How to invent a temperature scale

If you had to pick reference points to define a new temperature scale, what would you use? If you were Daniel Gabriel Fahrenheit, a glassblower and chemist, you picked: the equilibrium temperature of a specific brine, the temperature at which water freezes, and the temperature of the human armpit. Apparently, he used his wife as his calibration reference. The brine is interesting: a frigorific mixture of ice, water, and ammonium chloride. Frigorific indicates that the mixture goes to an equilibrium temperature no matter what the initial temperatures of the components were. Water + ice is a frigorific mixture that goes to 32 F (or 0 C).

Next, what numbers do you assign to these reference points? Fahrenheit assigned 0 F to the brine, 32 F to the ice, and 96 F to human body temperature. The seemingly arbitrary numbers arose because Fahrenheit modeled his system after the Romer scale, which assigned 0 degrees to brine and 60 degrees to boiling water, which put the freezing point of water at an awkward 7.5 degrees. Fahrenheit multiplied everything by 4, got 96 degrees for the human body, and then fudged his definition of a degree (which just means a “step”) a bit so that the freezing point of water would be exactly 64 degrees less than body temperature (so, 32 F). Why? So that his thermometers could be easily marked between those two points — 64 is a power of 2 and that means it’s easy to get equal divisions by repeatedly marking the midpoint between existing marks.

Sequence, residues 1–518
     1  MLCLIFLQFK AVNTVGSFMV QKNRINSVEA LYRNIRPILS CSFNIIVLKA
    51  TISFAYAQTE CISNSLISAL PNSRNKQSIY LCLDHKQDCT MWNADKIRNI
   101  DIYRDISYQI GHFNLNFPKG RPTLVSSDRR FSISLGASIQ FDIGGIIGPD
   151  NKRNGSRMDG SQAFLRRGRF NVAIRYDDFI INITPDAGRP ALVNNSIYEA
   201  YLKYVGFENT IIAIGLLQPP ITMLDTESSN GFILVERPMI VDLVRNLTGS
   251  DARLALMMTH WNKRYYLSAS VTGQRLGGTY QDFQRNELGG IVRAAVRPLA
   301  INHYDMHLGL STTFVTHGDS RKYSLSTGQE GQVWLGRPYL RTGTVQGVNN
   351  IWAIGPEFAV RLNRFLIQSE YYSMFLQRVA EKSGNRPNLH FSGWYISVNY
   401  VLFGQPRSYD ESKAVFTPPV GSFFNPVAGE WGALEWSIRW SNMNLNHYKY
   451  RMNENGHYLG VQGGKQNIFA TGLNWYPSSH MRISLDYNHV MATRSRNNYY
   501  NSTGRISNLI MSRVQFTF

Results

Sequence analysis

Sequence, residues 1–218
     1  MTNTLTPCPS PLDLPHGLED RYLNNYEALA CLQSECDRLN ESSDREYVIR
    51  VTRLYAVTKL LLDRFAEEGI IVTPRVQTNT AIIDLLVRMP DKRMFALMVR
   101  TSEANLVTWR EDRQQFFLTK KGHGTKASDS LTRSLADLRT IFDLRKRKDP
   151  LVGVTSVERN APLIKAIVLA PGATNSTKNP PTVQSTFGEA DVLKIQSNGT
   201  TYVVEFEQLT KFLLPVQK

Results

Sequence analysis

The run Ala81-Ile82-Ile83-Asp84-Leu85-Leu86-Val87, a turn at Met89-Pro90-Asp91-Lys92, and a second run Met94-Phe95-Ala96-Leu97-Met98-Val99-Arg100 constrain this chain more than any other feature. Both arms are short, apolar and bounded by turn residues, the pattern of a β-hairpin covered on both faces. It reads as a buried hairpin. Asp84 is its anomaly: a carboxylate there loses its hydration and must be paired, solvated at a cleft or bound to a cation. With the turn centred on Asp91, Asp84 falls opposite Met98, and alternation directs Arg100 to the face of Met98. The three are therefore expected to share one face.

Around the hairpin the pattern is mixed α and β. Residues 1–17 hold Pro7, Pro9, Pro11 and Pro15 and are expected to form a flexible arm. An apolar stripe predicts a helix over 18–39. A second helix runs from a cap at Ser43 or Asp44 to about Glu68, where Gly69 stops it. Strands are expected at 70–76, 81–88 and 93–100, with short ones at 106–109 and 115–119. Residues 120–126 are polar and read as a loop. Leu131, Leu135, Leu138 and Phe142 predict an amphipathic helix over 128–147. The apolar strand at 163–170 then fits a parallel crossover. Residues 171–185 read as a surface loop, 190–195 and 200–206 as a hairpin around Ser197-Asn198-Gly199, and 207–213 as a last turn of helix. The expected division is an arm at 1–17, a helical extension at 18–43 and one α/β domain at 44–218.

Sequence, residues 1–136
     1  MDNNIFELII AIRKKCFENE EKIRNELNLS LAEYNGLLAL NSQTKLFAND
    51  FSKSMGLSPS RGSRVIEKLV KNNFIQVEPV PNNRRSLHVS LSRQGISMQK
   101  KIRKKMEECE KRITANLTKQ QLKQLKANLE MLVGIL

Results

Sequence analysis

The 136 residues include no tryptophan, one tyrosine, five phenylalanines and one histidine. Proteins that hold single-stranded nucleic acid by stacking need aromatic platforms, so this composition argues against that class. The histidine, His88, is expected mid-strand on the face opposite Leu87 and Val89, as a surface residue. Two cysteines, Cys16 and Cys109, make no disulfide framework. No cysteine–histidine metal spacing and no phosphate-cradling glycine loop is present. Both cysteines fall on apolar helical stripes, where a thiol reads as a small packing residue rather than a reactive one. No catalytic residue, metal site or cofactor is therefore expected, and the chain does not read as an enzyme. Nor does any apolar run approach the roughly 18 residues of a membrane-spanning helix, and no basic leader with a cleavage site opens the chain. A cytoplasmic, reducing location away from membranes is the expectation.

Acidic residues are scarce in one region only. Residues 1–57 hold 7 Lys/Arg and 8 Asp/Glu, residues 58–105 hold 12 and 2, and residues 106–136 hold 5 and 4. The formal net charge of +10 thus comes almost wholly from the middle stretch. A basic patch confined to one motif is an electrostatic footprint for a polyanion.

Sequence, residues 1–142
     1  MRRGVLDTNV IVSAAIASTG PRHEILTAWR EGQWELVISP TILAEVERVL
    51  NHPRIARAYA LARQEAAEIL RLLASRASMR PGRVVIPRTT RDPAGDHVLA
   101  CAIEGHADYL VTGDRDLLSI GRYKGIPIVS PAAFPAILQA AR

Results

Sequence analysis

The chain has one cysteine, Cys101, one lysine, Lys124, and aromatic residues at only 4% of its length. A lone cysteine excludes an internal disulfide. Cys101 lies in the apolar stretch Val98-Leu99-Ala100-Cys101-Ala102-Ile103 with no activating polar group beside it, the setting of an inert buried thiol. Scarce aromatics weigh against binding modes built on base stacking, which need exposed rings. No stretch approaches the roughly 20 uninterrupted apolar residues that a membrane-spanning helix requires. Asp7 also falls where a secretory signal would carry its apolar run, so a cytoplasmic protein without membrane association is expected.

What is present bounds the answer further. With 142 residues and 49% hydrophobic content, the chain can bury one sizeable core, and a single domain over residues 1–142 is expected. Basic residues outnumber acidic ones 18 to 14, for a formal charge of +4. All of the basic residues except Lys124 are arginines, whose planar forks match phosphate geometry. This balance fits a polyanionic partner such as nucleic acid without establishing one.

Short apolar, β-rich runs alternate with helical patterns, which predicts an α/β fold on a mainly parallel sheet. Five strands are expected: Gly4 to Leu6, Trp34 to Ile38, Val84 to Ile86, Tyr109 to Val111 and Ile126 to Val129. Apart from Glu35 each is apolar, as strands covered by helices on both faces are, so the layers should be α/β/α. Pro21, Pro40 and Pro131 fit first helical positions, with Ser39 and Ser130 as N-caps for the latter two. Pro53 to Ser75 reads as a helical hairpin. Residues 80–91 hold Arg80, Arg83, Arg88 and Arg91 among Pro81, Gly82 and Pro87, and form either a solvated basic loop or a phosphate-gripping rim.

Fahrenheit published his scale in 1724. Later, the scale was revised so that there would be exactly 180 degrees between the freezing and boiling points of water (180 being a number that is divisible by a conveniently large number of numbers). This pushed the human body temperature up, on the Fahrenheit scale, to 98.6 F.

That’s all very interesting, but you have to wonder: once you’ve invented a new scale, how do you persuade others to use it? I’m wondering what kind of marketing Fahrenheit employed, other than his presentation at the Royal Society of London. Clearly, it was quite effective… until Anders Celsius came along 20 years later.